...live long and prosper...
After a brief history of time, space and the universe, this is a brief history of computers,
from a little after dinosaurs became oil until quite recently.

Pen and paper

A long time ago, whenever people need to calculate anything, they used to... take a piece of paper and do it on their own!
The first machine that could really compute, was mechanical, using gears and wheels, and naturally, was dead slow. It needed at least three minutes for one multiplication!
It took a couple of inventions to revolutionise the computing machine world: electricity, switches and relays; a definite advance was the triode, but what really changed the path of history was the transistor. Shortly after, computers no longer needed a warehouse to be stored in, nor did they need tremendous amounts of power either. Note that an average triode valve computer required around 15kW of power.
Shortly after the invention of the transistor, faster, cheaper and smaller computers began to appear. However, it was until the late '60s that an integrated circuit was manufactured, and the first processors appeared in 1970. The processor, as a concept, was at the time a miniaturised version of existing computers. It would be until later that the design principles would be altered. Soon after the introduction of large-scale integrated circuits, the first all-IC computers began to appear. They were constructed using exclusively integrated circuits (i.e. chips) and were again, much much smaller than their colossal predecessors.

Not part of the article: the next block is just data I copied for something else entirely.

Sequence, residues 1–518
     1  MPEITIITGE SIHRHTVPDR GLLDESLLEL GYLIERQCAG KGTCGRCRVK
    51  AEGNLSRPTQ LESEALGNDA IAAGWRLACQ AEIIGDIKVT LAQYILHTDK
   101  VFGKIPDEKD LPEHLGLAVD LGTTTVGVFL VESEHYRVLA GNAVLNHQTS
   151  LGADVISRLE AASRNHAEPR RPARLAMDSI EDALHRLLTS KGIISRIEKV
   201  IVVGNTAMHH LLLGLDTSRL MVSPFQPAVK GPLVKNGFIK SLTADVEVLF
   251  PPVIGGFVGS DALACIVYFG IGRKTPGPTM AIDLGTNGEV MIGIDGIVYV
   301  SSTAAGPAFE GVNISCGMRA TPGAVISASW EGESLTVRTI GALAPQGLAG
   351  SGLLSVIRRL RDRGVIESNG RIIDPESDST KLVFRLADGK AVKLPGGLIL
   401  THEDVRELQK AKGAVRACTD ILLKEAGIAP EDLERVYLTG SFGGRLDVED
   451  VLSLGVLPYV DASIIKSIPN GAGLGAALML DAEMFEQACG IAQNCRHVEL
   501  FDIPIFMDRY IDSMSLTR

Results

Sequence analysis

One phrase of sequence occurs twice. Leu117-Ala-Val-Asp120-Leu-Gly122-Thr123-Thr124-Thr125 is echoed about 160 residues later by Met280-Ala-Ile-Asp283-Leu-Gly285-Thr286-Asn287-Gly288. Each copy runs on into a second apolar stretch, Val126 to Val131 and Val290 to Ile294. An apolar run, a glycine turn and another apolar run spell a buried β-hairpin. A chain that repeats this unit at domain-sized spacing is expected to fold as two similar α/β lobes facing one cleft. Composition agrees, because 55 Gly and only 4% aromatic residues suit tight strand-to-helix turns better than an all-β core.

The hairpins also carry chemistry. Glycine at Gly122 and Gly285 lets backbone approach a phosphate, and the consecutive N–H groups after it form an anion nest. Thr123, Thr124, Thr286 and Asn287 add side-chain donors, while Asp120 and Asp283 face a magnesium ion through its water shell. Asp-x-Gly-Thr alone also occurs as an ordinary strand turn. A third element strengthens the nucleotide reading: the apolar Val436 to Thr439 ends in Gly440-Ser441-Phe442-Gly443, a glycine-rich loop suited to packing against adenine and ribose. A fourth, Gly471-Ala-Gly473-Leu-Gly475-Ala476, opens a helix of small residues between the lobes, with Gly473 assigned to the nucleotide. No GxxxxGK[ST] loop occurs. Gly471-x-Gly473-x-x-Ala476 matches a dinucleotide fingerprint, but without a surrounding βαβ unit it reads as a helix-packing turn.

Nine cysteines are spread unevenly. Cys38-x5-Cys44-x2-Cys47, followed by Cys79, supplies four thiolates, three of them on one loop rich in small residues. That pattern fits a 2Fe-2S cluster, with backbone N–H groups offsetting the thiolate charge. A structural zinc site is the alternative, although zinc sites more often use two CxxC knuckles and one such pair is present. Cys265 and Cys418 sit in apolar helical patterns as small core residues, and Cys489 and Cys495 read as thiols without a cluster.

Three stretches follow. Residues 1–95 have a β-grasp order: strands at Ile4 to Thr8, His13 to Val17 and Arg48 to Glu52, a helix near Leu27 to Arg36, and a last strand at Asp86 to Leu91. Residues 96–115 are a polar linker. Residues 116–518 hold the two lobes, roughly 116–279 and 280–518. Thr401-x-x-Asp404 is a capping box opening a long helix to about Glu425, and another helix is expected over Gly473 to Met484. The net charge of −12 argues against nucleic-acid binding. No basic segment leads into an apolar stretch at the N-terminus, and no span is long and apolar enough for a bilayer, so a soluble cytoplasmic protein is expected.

However, the computers were until then, the exclusive privilege of research facilities, government departments or universities. Moreover, people just couldn't foresee the need for a small computer at home:
"I simply don't see what it's good for."
Internal memo at IBM's Advanced Computing Systems Division
on the invention of the microchip, 1968
"There is no reason why anyone would want a computer at home."
Ken Olson, President and CEO of Digital Equipment Corp., 1977


Contrary to IBM's engineers' beliefs, people did actually see what microchips are good for. And built computers with them.
Contrary to Ken's beliefs too, people did find reason enough to build small computers. And took them home.
Small computers had started as "smart" terminals connected to the big mainframe computers of the time. However, there were people that that level of "intelligence" was enough for them to use on their own, but those terminals were too expensive. So, they built their own.
Usually, these people would be engineers at some computer or electronics company, or enthusiasts with enough knowledge to design and build a small computer.
Two of them were Steve Jobs and Steven Wozniak.
These two guys designed and built (as a kit) a small computer, which they named "Apple". That computer is still regarded the first "microcomputer" by many. Seeing the success of that computer, which they were selling as an unassembled board, the two founded... Apple Corp.! The first product of their company was a normal computer, with a keyboard, monitor and proper case, which they called Apple II.


Computing machines, from that moment on, pretty much found their way into practically everything. The adoption process was supersonic, considering it only took around three years for them to be introduced to businesses, and another year for them to invade the household.
You can read about the two branches of commercial computers in the "Home Computers" and "Personal Computers" subsections.

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